Monday, November 16, 2015

The Making of a Crimson Peak Inspired Ballgown

As mentioned in my previous post, the San Francisco Edwardian Ball is coming up in January.
This gives me plenty of time to make something new just for the occasion, and Crimson Peak is full of inspiring material.
Over the weekend, I was able to track down a lovely synthetic duchess satin that didn't break the bank, at $4.98 per yard. Though I wanted so badly to buy silk, I need to be frugal this year. On the plus side, since it's synthetic it will be easier to wash after an evening of revelry!
The other nifty thing about this particular weave of fabric, is that it behaves like a heavy silk and while slightly springier, it's without the overly shiny surface many polyester or acetate satin fabrics have. I'll just need to really utilize some good shirring and tacking stitches on the bodice to get it laying nicely if I do any pleats or gathers for texture.
Initially I planned on finding a nice pale gold, but the only thing I found that I liked, and was bright enough without being too saturated or dusty, was an expensive silk. So blush it will be...

Indeed, I could just do an all-out cosplay and make a copy of her ballgown, but there are things about it that didn't really woo me. The fit and length of her bodice for one. This gown is the one costume in the film I feel that could have been tailored more appropriately for the era it was set in. Everything else about it was lovely; the minimal straps were fine for the era, including the pearl decoration and that spectacular matching evening cloak.
Additionally, I kind of want to do my own thing with this.


After comparing a warm, super pale blush color, to a candlelight ivory (both similar to Edith's ballgown in the film) I decided to go with the ivory.
I also want mine to tell a different story. It's one that follows Edith's dreams after her escape from Crimson Peak; incorporating the stain of blood red on snow and skin, and her waltz with Sir Thomas. How does a person just walk away from a traumatic and heartbreaking experience like that, and start over? Simple answer; you don't, not completely. It haunts you, and like some sage advice given to me once on the subject of grieving and trauma, "You carry it with you. The trick is *how* you carry it".
Edith indeed has a strength and resiliency that we don't see much of in female leads, particularly in historical drama and Gothic romance. But while she will obviously be able to carry on and be happy, how have her dreams changed when she closes her eyes each night?

As you can see in the above on-set images, the color of her dress changes with the light; sometimes almost ivory and other times more pink, it's warmed by the candlelight in the room. Hers was a very soft ivory blush duchess silk satin, and the photo of my blush fabric isn't quite accurate either, and more pink due to lighting.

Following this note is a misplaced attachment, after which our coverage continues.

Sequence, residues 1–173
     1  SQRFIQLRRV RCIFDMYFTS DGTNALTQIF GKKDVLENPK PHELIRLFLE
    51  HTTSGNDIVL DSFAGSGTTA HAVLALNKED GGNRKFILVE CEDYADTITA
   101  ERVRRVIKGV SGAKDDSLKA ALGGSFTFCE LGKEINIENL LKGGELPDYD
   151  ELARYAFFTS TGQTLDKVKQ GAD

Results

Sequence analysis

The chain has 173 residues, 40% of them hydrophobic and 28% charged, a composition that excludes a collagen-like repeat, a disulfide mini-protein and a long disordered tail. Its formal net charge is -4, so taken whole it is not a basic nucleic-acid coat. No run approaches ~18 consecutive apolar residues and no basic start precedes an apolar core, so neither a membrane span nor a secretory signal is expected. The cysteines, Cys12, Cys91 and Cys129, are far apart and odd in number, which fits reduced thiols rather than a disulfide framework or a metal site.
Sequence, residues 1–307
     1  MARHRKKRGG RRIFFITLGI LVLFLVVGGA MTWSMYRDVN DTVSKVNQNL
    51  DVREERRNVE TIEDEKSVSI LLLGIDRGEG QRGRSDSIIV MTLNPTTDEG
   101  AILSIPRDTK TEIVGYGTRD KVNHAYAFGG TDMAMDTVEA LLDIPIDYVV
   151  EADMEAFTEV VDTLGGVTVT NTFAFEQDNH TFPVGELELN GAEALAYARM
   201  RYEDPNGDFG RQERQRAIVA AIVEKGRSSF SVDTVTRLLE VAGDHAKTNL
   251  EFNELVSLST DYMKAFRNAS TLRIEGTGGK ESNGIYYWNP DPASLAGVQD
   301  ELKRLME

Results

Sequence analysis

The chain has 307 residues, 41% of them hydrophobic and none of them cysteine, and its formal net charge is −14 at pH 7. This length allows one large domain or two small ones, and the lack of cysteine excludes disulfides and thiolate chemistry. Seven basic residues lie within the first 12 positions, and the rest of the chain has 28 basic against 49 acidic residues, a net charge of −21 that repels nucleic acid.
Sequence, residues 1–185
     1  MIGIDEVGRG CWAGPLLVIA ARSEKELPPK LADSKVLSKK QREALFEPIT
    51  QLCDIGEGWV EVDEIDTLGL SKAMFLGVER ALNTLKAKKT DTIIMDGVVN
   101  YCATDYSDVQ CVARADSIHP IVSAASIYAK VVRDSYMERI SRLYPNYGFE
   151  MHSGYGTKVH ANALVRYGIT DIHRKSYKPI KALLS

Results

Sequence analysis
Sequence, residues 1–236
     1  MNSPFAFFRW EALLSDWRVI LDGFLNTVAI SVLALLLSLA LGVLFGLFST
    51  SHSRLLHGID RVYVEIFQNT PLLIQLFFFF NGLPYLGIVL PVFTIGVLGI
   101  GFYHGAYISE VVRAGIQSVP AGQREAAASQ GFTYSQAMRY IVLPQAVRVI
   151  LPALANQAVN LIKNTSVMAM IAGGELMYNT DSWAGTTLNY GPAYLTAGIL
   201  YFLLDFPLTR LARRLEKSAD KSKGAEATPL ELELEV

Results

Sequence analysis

This is another reason I wanted to go with as pale a color as possible, like the candlelight ivory, to keep me from resembling a walking Valentine's day card. I'm combining it with a rich red velvet, and a few other details I'll divulge later.
Since I don't have a nice evening coat or cape earlier than 1940, I'd like to try and make a version of her cloak, too. Especially with that amazing shirred stand-up collar!

As for the patterns I'm basing this gown off of, I've decided on two by Truly Victorian.
The 1903 trumpet skirt (works for 1901 too) and possibly the 1890s ballgown bodice, the latter of which I'll alter a bit to fit my needs and be more Edwardian. I may not need it at all.
I nearly went with the 1893 Bell Skirt, but after having made that skirt up before, I realized it's a different silhouette than the sylph-like lines I want for this gown.

The paintings by Boldini were a big inspiration for me, and I imagine nearly all the gowns shown in the ballroom scene of Crimson Peak. If you look at more of Boldini's works featuring women, a good portion of them were represented in that one scene in the film. Particularly Edith, and the rival ladies vying for the attention of Sir Thomas. Even works by John Singer Sargent such as this one, acutely resembling the rival's mother.
It's always interesting when life, or in this case film, imitates other types of art in a wonderful way.


1 comment:

  1. These dresses are looking very pretty and seductive dear. Well, I also have already purchased the dress for my wedding and now I am going to book a finest wedding venue New York for my special day.


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